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weight and not to a selective pharmacological action on bleeding mechanisms (Soma and Uboh 1998; Zawadzkas et al. 2006). In addition, furosemide is disapproved of because it causes diluted urine, i.e. its consumption is seen as an attempt to mask other illicit substances. For all these reasons, furosemide is considered as a doping agent by the FEI and most racing authorities in the world. Anabolic steroids with androgenic properties (testosterone, stanozolol, nandrolone, boldenone) have been used routinely in the US as performance-enhancing substances in the horse. They possess behavioural effects and are credited with increasing the competitive instinct. Testosterone, boldenone (1,2-dehydrotestosterone) and nandrolone (19-nortestosterone) are endogenous to horses and their control requires the establishment of a threshold (Table 1). In horses, 19-nortestosterone is naturally produced by the testes as well as by the ovaries. This steroid can easily be detected in mares and geldings, because its major metabolite (estranediol which is the 5-alpha-estrane-3beta,17-alpha diol) is found only in the urine of treated horses. In contrast, in colts, estranediol is found in normal urine and it was shown that the ratio of estranediol (the metabolite) over the 5-estrene-3beta,17alpha diol, (a natural related steroid which is not a metabolite of nandrolone) may be considered as evidence of the possible abuse of nandrolone (Houghton and Crone 2000), because the probability of having a ratio higher than 1 in normal post-race urine was 1 in 10,000. In the USA, a threshold of 1 ng/mL is proposed for nandrolone. The logic, advantages and drawbacks of selecting a ratio rather than a simple cut-off value to establish a threshold are discussed in Sect. 7. Genetically recombinant substances, such as recombinant growth hormone (reGH) and recombinant erythropoietin (reEPO) as doping agents are particularly difficult to control using available analytical approaches, because their effects last much longer than their presence in detectable concentrations in body fluids. An equine recombinant growth hormone (reGH) has been marketed for horses in Australia. It has been used illegally in racing horses. It is a methionyl equine somatotrophin produced by DNA technology. There is no controlled study to demonstrate any beneficial effect of reGh administration in supra-physiological amounts on trained horses. Chronic reGH administration does not alter aerobic capacity and indices of exercise performance in unfit aged mares, so that reGH was not an ergogenic substance in a subpopulation of unfit horses (McKeever et al. 1998). GH exerts its anabolic effect in part via secretion of Insulin-like Growth Factors (IGFs) by the liver. In horses the plasma concentration of IGF is increased by GH treatment but the duration of the response is too short to be an effective approach to control GH abuse (Popot et al. 2000). Current strategies for screening GH abuse in horses rely on the long-term detection (up to 200 days) of specific anti-reGH antibodies, produced as a consequence of repeated reGH administrations (BaillyChouriberry et al. 2008a). A confirmatory method for reGH detection in plasma/ urine is required for regulatory purposes. An analytical strategy based on LC-MS/ MS through the identification of the reGH N-terminal characteristic peptide was developed but the detection time (DT) is very short (48 h) reflecting the possible delayed effects of this class of compound (Bailly-Chouriberry et al. 2008b).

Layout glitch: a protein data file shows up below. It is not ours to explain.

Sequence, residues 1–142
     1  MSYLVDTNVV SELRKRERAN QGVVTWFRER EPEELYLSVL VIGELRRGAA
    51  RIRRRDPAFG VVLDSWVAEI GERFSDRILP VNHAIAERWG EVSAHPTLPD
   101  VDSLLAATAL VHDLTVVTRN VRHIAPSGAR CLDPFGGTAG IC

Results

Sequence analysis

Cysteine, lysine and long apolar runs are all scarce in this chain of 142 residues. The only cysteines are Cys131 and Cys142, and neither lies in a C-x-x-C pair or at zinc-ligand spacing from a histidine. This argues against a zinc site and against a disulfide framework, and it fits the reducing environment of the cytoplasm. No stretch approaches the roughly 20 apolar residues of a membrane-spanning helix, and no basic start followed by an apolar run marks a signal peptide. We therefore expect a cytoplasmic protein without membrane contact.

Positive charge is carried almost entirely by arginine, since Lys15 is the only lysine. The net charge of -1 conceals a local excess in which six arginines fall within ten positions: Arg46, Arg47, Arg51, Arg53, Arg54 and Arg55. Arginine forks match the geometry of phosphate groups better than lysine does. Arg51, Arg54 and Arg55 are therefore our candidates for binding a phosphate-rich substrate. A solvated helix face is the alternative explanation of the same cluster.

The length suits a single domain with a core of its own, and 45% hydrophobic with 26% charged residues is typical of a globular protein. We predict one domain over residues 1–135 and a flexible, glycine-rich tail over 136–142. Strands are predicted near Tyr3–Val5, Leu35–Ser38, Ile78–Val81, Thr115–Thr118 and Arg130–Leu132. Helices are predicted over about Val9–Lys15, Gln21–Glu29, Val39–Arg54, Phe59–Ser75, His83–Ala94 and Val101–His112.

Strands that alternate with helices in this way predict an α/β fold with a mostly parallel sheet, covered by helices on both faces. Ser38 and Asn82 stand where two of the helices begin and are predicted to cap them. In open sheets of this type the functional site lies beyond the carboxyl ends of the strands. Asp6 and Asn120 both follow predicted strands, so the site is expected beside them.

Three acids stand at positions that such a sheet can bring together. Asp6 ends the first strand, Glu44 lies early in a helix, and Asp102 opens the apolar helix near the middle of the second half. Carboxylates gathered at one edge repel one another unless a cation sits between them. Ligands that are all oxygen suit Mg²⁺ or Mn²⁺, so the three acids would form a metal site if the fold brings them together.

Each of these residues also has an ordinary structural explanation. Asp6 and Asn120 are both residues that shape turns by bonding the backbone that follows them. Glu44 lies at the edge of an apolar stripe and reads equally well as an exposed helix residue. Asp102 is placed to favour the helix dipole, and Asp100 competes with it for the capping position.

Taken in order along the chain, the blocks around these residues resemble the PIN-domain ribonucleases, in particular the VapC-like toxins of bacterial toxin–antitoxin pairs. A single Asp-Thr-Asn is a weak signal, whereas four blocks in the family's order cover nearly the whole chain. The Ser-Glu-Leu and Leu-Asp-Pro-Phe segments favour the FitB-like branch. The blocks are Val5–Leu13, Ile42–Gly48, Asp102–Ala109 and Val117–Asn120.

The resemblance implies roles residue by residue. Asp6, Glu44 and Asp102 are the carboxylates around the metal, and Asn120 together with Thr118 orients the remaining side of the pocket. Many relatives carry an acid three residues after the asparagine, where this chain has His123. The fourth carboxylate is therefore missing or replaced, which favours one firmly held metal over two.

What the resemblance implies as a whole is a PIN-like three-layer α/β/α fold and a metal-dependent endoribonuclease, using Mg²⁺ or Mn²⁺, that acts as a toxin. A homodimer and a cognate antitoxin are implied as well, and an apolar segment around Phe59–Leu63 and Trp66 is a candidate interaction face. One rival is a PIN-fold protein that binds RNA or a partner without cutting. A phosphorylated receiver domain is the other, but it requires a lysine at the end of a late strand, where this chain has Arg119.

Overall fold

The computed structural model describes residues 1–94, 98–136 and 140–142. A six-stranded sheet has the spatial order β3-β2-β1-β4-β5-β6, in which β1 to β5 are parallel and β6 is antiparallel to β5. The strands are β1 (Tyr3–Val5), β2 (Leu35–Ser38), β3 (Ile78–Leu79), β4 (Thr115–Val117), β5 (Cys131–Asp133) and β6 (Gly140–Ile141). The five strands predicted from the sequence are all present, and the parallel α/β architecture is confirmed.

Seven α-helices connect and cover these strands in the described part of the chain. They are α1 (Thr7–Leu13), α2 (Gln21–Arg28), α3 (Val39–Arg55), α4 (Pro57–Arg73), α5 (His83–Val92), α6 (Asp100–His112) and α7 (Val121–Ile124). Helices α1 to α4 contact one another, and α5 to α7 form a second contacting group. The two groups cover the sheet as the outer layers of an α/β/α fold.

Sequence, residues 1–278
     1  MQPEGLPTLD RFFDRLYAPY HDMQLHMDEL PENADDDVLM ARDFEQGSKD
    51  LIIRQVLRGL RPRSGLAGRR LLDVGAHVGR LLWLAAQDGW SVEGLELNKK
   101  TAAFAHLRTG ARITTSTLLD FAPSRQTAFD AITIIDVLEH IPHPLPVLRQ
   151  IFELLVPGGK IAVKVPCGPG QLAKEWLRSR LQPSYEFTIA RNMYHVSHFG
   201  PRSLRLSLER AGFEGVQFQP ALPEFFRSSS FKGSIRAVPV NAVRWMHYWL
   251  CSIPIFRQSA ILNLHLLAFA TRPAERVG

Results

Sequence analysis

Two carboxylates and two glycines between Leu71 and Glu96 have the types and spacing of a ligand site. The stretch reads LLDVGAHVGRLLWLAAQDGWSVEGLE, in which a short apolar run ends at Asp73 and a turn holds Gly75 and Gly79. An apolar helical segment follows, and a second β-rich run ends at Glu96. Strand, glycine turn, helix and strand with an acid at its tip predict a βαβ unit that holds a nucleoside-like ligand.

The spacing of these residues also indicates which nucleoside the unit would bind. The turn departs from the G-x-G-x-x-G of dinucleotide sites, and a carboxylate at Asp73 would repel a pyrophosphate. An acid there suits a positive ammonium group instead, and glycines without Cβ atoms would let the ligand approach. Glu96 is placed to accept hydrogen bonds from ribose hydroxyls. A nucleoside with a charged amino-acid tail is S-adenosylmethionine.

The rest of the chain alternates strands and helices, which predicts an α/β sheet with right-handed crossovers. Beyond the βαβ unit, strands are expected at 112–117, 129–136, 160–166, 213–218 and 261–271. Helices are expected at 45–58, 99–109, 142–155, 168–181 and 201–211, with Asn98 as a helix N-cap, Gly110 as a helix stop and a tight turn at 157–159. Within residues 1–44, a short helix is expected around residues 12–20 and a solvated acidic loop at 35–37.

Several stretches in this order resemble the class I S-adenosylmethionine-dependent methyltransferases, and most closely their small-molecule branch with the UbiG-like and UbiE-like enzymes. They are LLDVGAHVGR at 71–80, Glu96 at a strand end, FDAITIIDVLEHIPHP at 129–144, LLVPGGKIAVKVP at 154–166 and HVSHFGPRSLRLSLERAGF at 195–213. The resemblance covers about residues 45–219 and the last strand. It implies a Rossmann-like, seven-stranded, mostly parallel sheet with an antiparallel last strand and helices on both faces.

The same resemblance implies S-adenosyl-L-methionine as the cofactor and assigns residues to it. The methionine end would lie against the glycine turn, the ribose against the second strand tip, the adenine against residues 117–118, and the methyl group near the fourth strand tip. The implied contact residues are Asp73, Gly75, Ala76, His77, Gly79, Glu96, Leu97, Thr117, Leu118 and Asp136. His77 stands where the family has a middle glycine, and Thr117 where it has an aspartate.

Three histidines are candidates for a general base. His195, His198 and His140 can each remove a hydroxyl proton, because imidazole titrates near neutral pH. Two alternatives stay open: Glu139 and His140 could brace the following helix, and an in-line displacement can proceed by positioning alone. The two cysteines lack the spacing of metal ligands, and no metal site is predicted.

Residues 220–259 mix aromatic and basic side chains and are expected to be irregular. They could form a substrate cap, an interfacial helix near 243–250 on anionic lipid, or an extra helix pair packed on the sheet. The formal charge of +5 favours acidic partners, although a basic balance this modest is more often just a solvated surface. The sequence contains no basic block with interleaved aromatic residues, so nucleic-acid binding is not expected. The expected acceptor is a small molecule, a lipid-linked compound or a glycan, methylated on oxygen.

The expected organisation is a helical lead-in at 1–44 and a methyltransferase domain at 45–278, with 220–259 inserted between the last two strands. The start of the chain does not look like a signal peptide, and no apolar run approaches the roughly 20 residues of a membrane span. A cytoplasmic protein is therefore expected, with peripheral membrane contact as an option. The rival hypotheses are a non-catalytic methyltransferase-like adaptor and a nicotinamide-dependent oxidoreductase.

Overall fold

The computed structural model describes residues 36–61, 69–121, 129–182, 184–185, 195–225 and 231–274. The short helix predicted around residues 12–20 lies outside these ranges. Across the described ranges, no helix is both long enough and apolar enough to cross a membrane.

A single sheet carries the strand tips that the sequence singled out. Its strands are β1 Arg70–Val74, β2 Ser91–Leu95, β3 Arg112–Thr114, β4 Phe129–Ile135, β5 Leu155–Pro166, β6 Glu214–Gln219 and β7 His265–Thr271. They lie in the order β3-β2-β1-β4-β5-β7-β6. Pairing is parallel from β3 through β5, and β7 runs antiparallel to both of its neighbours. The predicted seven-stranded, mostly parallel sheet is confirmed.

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Table 1 Substances for which a threshold has been adopted or proposed by different jurisdictions or organisations Substance/jurisdiction Threshold l 0.3 mg total arsenic per mL in urine Arsenic/IFHA l 0.015 mg free and conjugated boldenone per Boldenone/IFHA, RMTC, FEI mL in urine from entire male horses (not geldings) l No boldenone shall be permitted in geldings or female horses l 36 mM available carbon dioxide per litre in Carbon dioxide/IFHA plasma l 15 mg/mL in urine, or Dimethyl sulphoxide/IFHA, FEI l 1 mg/mL in plasma l 0.045 mg free and glucuroconjugated 5aEstranediol in male horses (other than estrane-3b,17a -diol per mL in urine geldings) as a biomarker of nandrolone abuse/IFHA, FEI l The mass of free and conjugated 5a-estraneEstranediol in male horses (other than 3b, 17a-diol to the mass of (other than geldings) as a biomarker of nandrolone geldings) free and conjugated 5(10)-estrene abuse/Hong Kong Jockey Club,Emirates -3b, 17a-idol in urine from entire male Racing Authorities, Fe´de´ration Nationale horses (not geldings) at a ratio of 1 des courses franc¸aises and some other juridictions Nandrolone/RMTC In geldings, mare and fillies: 1 ng/mL in urine l 1 mg/mL in urine Hydrocortisone/IFHA l 4 mg free and conjugated 3-methoxytyramine Methoxytyramine/IFHA per mL in urine l 750 mg/mL in urine, or Salicylic acid/IFHA l 6.5 mg/mL in plasma l 625 mg/mL in urine, or Salicylic acid/FEI l 5.4 mg/mL in plasma l 0.02 mg free and conjugated testosterone per Testosterone/IFHA, RMTC mL in urine from geldings, or l 0.055 mg free and conjugated testosterone per mL in urine from fillies and mares (unless in foal) l 1 ng/mL in urine for all horses regardless of 16b-hydroxystanozolol (metabolite of sex; stanozolol)/RMTC l Forbidden by IFHA and FEI l 2 mg/mL in urine Theobromine/IFHA l 100 ng/mL of serum or plasma Caffeine/RMTC IFHA: International Federation of Horseracing Authorities RMTC: Racing Medication and Testing Consortium FEI: Federation Equestre Internationale